What makes this technique so great is that an object is only an object when it needs to be. For example, let's say you declare a value type such as System.Int32. Memory for this variableis allocatedfrom the stack. You can pass this variable to any method defined as taking a System.Object type, and you access any of its members for which you have access. Therefore, to you it looks and feels just like an object. However, in reality, it's just four bytes on the stack.
It's only when you attempt to use that variable in a way consistent with its implied System.Object base class interface that the system automatically boxes the variable so that it becomes a reference type and can be used like any object. Boxing is how C# enables everything to appear to be an object, thereby avoiding the overhead required if everything actually were an object. Let's look at some examples to bring this into focus.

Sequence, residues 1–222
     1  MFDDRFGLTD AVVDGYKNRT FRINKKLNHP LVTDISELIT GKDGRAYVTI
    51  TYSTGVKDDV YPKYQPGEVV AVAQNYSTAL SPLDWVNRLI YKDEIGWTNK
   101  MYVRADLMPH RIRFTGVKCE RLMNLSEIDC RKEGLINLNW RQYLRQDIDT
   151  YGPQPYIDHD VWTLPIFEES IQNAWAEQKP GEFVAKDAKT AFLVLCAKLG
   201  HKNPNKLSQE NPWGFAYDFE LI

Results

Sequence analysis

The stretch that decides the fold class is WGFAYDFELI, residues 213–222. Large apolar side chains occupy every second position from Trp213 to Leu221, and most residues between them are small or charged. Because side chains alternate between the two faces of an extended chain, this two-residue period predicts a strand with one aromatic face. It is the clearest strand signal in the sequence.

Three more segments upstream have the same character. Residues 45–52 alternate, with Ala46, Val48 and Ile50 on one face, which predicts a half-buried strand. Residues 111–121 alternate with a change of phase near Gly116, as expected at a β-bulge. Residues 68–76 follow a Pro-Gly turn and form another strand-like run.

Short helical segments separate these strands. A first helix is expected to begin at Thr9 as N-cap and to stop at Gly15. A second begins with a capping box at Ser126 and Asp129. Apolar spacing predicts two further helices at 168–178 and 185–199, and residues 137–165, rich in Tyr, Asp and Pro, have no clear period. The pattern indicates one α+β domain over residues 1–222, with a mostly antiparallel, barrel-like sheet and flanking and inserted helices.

int foo = 42; // Value type. object bar = foo; // foo is boxed to bar.
In the first line of this code, we're creating a variable (foo)of type int. As you know, the type int is a value type (because it's a primitive type). In the second line, the compiler sees that the variable foo is being copied to a reference type, which is represented by the variable bar. The compiler then spits out the MSIL code necessary to box this value.
Now, to convert bar back to a value type, you can perform an explicit cast: -
int foo = 42; // Value type. object bar = foo; // foo is boxed to bar. int foo2 = (int)bar; // Unboxed back to int.
Notice that when boxing-that is, once again, when converting from a value type to a reference type-there is no explicit cast needed. However, when unboxing-converting from a reference type to a value type-the cast is needed. This is because in the case of unboxing, an object could be cast to any type. Therefore, the cast is necessary so that the compiler can verify that the cast is valid per the specified variable type. Because casting involves strict rules and because these rules are governed by the CTS, we'll take a look at this issue in more detail later in this chapter in "Casting Between Types." -